This report covers a new a 12-month Australian superannuation guarantee amnesty period.
An announcement has been made for a 12-month Australian superannuation guarantee amnesty period. The amnesty has not yet been legislated, but it is intended to apply retrospectively from 24 May 2018 for 12 months.
This is a unique one-off opportunity being provided to employers to self-correct their past superannuation guarantee (SG) non-compliance without penalty, provided the outstanding contributions can be paid into the employees’ accounts within the amnesty period.
The amnesty period will be particularly relevant for foreign employers with employees working in Australia and remaining on the foreign employer’s payroll. The reason for this comes down to how they are managing their Australian pay-as-you-go (PAYG) withholding tax and employment tax obligations. For these employers, there are two mechanisms available for managing the Australian PAYG withholding obligations:
In this case, the employer should be also compliant for their employment tax obligations, including SG contributions as the arrangement mirrors the Australian payroll process.
This variation only applies to the PAYG withholding obligation, and as such, the employer is still required to effectively operate a shadow payroll so that it is meeting its SG obligations and other Australian employment tax obligations. As such, employers managing their employees’ Australian income tax obligations through this arrangement have a high risk of non-compliance for their SG contribution obligations.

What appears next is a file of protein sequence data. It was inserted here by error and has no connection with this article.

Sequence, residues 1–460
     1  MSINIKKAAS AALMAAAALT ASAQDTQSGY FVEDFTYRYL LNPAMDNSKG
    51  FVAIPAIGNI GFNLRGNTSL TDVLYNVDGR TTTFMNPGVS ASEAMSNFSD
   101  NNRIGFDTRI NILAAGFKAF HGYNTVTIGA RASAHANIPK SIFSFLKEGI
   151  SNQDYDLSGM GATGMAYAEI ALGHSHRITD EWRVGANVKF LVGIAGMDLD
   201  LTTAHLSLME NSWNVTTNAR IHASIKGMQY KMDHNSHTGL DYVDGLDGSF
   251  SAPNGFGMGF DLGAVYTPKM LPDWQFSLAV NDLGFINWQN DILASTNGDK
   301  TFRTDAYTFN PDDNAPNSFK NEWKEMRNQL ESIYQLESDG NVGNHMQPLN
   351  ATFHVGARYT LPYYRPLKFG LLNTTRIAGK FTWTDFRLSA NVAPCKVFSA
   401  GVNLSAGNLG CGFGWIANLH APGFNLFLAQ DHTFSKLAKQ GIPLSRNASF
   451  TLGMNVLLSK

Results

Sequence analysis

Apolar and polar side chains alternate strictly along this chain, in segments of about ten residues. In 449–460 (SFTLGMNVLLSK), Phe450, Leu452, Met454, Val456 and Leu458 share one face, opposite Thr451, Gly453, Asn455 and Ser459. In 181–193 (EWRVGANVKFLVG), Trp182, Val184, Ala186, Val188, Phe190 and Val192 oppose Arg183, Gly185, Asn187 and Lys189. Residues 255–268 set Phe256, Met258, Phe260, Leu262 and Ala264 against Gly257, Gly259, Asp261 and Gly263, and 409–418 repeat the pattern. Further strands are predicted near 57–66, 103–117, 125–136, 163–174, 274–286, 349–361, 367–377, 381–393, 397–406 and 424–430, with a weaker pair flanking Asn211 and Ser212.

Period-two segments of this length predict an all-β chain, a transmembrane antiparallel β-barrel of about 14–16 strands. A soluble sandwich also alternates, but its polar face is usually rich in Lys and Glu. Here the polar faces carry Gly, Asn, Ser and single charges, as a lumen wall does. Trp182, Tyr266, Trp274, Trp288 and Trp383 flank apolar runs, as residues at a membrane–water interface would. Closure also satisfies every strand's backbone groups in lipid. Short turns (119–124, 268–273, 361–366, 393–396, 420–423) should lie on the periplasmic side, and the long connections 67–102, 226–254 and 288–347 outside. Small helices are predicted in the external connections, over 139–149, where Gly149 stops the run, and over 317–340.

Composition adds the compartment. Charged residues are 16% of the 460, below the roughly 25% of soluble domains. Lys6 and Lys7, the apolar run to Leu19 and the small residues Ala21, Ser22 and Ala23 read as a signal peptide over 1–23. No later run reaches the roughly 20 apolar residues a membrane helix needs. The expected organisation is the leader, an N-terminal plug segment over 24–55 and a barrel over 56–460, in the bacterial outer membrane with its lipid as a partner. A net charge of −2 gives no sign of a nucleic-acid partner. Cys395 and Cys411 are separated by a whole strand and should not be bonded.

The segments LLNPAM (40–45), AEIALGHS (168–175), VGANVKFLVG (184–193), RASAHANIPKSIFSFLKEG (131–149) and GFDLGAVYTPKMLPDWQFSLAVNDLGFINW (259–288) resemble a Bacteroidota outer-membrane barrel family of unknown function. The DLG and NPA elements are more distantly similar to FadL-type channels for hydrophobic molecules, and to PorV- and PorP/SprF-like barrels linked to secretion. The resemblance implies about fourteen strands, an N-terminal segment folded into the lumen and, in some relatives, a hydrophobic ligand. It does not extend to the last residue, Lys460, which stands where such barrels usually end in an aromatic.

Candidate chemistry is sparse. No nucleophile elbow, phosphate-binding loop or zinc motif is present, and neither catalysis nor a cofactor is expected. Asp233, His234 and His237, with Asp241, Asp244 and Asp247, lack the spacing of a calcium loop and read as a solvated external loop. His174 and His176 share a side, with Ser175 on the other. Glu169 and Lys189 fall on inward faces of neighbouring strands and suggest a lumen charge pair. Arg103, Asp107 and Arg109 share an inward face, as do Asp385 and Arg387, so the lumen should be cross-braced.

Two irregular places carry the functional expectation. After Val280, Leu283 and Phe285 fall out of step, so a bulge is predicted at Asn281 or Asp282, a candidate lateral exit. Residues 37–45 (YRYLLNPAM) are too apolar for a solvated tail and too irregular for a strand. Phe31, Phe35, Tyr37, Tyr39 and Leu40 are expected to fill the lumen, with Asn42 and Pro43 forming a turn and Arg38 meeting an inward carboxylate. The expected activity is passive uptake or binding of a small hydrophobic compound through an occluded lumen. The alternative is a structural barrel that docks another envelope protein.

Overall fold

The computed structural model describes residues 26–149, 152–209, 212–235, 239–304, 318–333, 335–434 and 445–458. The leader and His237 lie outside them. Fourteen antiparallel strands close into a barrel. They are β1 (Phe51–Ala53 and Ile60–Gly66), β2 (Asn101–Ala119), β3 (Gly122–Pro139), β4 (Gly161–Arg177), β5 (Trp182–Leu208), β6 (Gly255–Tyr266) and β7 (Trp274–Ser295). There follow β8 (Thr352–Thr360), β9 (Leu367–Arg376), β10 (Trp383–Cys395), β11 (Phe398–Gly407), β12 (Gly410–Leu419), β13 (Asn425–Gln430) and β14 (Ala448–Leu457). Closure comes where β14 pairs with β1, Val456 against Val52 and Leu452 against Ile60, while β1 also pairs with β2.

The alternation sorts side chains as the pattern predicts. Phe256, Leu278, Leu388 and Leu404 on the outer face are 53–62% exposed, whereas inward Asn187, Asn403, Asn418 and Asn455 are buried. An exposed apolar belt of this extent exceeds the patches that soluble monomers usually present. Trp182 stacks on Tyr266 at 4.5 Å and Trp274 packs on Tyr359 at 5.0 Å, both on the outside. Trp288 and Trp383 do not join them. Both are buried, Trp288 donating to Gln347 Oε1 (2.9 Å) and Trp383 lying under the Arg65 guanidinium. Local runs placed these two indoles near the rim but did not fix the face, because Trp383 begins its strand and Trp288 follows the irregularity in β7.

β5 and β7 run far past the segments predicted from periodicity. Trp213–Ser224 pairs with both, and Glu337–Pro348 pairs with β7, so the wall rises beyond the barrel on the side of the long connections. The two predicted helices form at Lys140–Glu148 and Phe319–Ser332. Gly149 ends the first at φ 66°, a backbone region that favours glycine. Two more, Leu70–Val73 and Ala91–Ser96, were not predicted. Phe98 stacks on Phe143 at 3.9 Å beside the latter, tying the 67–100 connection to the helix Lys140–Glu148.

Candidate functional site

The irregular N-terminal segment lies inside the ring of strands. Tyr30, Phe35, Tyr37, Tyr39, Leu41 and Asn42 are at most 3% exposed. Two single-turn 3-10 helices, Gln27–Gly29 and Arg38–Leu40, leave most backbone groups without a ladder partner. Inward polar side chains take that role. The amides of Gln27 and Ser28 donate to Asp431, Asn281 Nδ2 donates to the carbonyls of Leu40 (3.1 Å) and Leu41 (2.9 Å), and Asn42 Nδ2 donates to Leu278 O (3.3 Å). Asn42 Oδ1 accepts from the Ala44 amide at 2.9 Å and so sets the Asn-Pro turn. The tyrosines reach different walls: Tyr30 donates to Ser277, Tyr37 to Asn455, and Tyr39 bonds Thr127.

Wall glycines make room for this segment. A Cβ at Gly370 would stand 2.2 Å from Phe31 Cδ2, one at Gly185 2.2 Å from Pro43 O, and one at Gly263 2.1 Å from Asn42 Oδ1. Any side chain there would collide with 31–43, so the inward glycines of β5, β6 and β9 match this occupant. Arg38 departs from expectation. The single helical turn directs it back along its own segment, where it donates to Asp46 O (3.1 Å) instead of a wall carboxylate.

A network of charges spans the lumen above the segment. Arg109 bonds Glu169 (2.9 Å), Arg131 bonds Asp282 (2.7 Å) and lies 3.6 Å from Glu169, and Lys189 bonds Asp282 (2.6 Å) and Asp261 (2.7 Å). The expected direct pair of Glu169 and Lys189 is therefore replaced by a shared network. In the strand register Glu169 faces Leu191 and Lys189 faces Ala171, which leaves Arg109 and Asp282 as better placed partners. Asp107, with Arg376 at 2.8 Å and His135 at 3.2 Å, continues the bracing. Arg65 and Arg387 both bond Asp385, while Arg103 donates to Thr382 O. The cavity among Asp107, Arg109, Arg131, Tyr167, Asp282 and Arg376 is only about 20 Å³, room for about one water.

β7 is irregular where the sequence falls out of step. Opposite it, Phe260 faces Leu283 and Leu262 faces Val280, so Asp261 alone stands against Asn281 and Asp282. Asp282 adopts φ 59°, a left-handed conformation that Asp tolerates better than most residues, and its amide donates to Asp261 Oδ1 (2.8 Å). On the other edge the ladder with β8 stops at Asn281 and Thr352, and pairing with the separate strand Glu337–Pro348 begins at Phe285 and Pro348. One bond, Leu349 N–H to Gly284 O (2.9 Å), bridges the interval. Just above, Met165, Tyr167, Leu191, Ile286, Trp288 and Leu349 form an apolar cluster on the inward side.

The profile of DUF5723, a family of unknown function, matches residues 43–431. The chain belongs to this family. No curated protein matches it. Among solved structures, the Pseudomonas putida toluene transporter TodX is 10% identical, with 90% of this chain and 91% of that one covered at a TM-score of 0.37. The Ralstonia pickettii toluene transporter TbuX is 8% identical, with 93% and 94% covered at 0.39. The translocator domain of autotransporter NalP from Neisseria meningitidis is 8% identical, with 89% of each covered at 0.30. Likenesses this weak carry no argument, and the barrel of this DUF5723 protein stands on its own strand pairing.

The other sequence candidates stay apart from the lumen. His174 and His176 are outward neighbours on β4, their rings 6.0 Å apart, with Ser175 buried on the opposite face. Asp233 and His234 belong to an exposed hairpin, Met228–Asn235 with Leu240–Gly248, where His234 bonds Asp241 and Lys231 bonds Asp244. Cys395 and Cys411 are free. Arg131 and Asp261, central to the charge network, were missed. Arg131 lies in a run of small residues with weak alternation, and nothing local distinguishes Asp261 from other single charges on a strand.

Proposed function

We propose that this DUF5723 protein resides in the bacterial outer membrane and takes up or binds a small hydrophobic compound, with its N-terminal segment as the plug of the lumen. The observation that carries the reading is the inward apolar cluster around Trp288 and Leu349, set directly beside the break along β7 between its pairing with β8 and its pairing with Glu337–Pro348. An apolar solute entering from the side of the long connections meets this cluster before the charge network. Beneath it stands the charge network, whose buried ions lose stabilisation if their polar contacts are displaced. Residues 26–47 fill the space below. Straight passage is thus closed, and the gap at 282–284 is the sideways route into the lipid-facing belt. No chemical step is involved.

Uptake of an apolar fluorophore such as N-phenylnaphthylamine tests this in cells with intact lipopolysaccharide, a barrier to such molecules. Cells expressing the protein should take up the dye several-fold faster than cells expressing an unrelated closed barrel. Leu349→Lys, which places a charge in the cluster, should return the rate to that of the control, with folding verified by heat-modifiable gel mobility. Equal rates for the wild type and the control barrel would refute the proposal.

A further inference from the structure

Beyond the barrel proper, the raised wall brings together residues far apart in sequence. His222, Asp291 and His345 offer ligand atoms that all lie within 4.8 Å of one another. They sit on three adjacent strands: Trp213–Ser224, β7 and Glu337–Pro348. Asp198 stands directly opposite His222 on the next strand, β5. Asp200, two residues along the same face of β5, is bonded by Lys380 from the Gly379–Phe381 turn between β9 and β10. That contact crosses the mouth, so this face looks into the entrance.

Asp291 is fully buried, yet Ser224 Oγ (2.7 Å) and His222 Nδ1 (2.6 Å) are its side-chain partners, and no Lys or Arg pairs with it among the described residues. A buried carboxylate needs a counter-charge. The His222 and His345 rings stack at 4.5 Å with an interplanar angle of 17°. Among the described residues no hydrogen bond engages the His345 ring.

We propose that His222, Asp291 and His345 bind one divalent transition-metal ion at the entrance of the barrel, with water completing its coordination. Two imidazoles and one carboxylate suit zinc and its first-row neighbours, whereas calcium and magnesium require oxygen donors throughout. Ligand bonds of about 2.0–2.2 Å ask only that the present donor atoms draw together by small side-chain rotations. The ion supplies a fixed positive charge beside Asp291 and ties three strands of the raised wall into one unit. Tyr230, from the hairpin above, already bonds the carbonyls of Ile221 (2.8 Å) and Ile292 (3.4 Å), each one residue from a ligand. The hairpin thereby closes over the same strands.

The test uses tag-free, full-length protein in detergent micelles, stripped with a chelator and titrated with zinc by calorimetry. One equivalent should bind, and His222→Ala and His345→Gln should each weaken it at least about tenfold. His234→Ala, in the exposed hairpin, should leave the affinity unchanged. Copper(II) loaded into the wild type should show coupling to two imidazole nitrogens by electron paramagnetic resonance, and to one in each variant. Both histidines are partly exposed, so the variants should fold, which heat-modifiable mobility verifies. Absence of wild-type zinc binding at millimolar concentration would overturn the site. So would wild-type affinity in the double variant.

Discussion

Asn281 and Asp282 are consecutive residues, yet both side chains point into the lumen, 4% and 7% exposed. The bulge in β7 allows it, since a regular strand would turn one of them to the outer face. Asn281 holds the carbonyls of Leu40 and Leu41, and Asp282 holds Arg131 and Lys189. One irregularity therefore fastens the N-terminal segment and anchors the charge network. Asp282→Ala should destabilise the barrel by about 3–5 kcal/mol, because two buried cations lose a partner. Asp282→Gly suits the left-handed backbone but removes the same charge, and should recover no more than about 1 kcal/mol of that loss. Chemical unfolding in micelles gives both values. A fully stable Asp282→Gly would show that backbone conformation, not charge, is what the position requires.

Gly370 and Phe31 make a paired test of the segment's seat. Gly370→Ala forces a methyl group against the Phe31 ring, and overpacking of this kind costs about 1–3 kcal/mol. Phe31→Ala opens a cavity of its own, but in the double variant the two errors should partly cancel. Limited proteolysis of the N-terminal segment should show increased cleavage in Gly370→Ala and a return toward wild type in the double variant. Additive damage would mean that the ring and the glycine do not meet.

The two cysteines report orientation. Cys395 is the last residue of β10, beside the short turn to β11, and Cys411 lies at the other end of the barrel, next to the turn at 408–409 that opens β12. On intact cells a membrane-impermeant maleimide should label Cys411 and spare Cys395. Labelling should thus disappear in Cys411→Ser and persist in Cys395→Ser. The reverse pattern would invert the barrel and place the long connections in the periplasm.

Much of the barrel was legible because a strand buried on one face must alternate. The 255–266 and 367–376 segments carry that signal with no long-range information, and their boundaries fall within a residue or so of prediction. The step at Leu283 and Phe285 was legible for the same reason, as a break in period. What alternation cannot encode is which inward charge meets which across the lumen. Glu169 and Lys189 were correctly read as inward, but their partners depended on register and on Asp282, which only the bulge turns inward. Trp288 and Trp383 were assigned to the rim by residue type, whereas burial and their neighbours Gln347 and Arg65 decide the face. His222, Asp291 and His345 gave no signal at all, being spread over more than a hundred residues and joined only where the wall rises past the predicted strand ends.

All employers with employees working in Australia or who employ Australian resident taxpayers for work overseas should review their superannuation guarantee obligations and establish that contributions have been made (where necessary).
In particular, foreign employers with expatriates working in Australia and remaining on the foreign employer’s payroll should review their superannuation guarantee contributions made and consider availing of the amnesty period to voluntarily declare any non-compliance.
1 As reported in The Australian (online), a cross-agency confidential report involving Treasury, the ATO, the Department of Employment and financial regulators the Australian Securities & Investments Commission and the Australian Prudential Regulation Authority, was submitted to Financial Services Minister Kelly O’Dwyer in March 2017, but was not publicly released. (See M. Roddan “Employers Face Super Gap Crackdown,” The Australian (online), 14 July 2017.)
The information contained in this newsletter was submitted by the KPMG International member firm in Australia.
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